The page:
Empirical social triad statistics can be explained with dyadic homophylic interactions
The remarkable robustness of many social systems has been associated with a peculiar triangular structure in the underlying social networks. Triples of people that have three positive relations (e.g., friendship) between each other are strongly overrepresented. Triples with two negative relations (e.g., enmity) and one positive relation are also overrepresented, and triples with one or three negative relations are drastically suppressed.
For almost a century, the mechanism behind these very specific (“balanced”) triad statistics remained elusive. Here, we propose a simple realistic adaptive network model, where agents tend to minimize social tension that arises from dyadic interactions. Both opinions of agents and their signed links (positive or negative relations) are updated in the dynamics. The novelty of the model arises from the fact that agents only need information about their local neighbors in the network and do not require (often unrealistic) higher order network information for their relation and opinion updates.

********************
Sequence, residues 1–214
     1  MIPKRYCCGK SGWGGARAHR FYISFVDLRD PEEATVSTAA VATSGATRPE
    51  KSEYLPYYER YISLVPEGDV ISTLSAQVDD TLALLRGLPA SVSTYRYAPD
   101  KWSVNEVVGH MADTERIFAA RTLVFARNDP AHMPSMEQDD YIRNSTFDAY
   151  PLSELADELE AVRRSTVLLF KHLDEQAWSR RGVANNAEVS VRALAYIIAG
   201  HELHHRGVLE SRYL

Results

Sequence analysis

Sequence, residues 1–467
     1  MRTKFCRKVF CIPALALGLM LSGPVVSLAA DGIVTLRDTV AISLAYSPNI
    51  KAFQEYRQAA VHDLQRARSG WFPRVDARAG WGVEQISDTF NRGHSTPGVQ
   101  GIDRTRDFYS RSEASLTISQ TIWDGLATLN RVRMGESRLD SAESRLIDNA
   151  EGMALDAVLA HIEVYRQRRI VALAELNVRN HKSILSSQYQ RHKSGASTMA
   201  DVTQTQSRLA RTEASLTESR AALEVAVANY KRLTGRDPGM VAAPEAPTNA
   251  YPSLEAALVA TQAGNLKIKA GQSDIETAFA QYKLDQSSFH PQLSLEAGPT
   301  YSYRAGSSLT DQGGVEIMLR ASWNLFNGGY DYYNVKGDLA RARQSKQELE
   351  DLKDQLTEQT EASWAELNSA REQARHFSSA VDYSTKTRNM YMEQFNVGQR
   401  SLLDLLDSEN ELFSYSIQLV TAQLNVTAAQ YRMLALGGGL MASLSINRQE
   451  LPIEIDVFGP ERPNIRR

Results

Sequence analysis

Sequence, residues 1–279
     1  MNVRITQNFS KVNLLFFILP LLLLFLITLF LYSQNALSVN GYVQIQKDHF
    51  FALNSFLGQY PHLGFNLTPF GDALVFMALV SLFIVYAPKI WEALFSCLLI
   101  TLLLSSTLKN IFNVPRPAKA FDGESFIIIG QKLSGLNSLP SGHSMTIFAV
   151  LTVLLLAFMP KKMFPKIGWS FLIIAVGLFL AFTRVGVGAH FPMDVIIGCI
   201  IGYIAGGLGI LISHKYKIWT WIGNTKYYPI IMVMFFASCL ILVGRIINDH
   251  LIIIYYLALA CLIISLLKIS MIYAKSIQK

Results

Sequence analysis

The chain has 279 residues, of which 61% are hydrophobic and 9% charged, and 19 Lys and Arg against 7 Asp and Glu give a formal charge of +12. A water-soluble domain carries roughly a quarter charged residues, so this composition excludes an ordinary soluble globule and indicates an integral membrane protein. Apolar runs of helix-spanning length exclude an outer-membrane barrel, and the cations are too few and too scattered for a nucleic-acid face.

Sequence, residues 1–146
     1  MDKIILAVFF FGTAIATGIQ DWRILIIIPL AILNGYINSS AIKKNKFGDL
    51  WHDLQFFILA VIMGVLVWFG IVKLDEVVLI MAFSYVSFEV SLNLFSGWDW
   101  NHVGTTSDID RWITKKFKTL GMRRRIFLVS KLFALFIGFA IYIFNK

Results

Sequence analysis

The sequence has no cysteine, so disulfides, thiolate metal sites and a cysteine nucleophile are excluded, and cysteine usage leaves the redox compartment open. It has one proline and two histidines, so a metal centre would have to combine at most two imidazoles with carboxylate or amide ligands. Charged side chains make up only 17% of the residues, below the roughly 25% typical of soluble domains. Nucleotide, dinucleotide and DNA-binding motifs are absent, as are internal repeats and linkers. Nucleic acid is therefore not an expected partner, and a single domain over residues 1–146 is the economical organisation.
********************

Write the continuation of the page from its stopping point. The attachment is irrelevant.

We demonstrate the quality of the model on detailed temporal relation data of a society of thousands of players of a massive multiplayer online gamewhere we can observe triangle formation directly. It not only successfully predicts the distribution of triangle types but also, explains empirical group size distributions, which are essential for social cohesion. We discuss the details of the phase diagrams behind the model and their parameter dependence, andwe comment on to what extent the resultsmight apply universally in societies.
This publication was supported by the following project(s):
- FFG, Project No. FFG 857136